Caribbean Governments, including Guyana, are being called upon to lead the conversation for the abolition of the death penalty as a regional conference opened in Georgetown on Monday.
The European Union, in cooperation with the British High Commission and the International Commission against the Death Penalty organised the conference so that the situation of the death penalty in the Caribbean region and the experiences of other countries can be considered.
Guyana’s Minister of Governance Raphael Trotman addressed the opening of the conference and declared that the matter no doubt remains a very controversial one.
He gave no clear indication whether Guyana was supportive of the death penalty or against its abolition but said Guyana welcomes, what he described as a “thought provoking conference. “
“Are we ready to take that step and do we have the political will? These are the questions that need to be answered in the near and medium term future,” Trotman said. He acknowledged that while the death penalty remains law in Guyana there is an unspoken moratorium in effect where it was not applied in sentencing for over two decades.
He also reminded of moves by the Guyana Parliament several years ago to remove the mandatory death sentence for people convicted of murder. Trotman said countries must not be afraid to take the bold step; even as the EU has stretched out a hand offering financial and other forms of support to Guyana should it abolish the death penalty.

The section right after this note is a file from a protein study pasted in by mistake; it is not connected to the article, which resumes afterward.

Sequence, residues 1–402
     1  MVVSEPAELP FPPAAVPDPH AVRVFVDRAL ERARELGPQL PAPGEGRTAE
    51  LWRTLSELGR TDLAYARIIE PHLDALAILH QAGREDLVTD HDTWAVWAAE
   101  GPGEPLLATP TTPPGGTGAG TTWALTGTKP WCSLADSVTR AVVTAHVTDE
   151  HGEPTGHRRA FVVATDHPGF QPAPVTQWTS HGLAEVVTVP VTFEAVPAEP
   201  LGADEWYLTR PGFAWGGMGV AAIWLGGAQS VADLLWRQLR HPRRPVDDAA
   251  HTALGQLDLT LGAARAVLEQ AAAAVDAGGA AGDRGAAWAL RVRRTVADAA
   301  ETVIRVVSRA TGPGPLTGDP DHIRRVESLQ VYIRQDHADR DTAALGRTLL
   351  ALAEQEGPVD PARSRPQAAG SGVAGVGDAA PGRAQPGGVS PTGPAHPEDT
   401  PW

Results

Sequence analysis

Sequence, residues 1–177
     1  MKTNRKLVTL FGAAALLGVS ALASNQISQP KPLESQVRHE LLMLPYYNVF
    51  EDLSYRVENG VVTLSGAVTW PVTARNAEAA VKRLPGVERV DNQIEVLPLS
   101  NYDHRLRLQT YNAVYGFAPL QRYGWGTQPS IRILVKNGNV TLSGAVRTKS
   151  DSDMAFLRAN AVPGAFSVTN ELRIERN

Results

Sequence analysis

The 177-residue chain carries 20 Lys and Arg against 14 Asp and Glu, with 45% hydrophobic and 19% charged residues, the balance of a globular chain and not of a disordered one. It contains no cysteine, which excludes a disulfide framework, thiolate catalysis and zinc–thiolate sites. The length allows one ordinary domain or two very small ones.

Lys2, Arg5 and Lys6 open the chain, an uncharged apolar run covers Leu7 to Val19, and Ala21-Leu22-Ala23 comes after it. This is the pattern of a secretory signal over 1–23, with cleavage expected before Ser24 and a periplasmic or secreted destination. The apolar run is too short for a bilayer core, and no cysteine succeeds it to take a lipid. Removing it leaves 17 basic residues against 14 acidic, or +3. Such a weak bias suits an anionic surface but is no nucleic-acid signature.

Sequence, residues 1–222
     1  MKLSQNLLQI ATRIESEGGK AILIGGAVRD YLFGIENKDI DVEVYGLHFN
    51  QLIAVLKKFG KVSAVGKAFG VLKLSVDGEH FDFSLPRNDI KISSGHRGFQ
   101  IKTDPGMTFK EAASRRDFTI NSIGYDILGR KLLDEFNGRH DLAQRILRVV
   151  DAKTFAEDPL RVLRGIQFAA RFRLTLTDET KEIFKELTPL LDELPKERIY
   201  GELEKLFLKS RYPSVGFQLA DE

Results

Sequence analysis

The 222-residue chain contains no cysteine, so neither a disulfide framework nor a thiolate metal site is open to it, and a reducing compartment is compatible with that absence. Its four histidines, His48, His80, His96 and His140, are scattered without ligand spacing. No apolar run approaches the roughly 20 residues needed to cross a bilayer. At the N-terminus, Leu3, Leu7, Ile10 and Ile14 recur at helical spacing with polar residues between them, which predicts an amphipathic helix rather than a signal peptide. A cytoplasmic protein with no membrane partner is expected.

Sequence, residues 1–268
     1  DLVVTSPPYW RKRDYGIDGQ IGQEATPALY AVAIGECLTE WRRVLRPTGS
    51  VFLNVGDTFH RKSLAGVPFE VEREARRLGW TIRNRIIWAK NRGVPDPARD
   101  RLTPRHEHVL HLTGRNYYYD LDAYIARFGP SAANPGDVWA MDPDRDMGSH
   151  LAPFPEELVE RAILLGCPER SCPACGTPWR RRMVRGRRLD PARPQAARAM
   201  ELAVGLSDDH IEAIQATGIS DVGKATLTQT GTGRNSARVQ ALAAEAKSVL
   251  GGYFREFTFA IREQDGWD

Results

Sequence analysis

EU Ambassador to Guyana, Jernej Videtic was keen to note the political leadership and will that any move towards the abolition of the death penalty will require. He recognised the recent positive development in Suriname; having taken the death penalty off its books earlier this year. According to Mr Videtic, the abolition of the death penalty remains one of the main human rights issue for the EU.
Countries and their citizens were also put on notice that abolition does not mean those found guilty of heinous crimes will not be banished, in fact Secretary General of the International Commission against the Death Penalty, Dr. Asunta Cavaller supports banishment to fix the crime, but not the death penalty. “By doing this you run the risk of executing innocent people, targets those who are marginalised, ethnic minorities and people who don’t have access to defence lawyers or are denied a fair trial, it alienates right to life and human dignity.
It is cruel, inhumane and degrading,” she said. Meanwhile, Lord Nanit Dholakia of the UK All Parliamentary Committee on the Abolition of the Death Penalty argued that there was no evidence anywhere in the world that proved that by establishing the death sentence it has reduced crime.
He called on civil society to press their governments to abolish such laws. He also urged government’s not to hide behind public opinion on this matter but lead public opinion.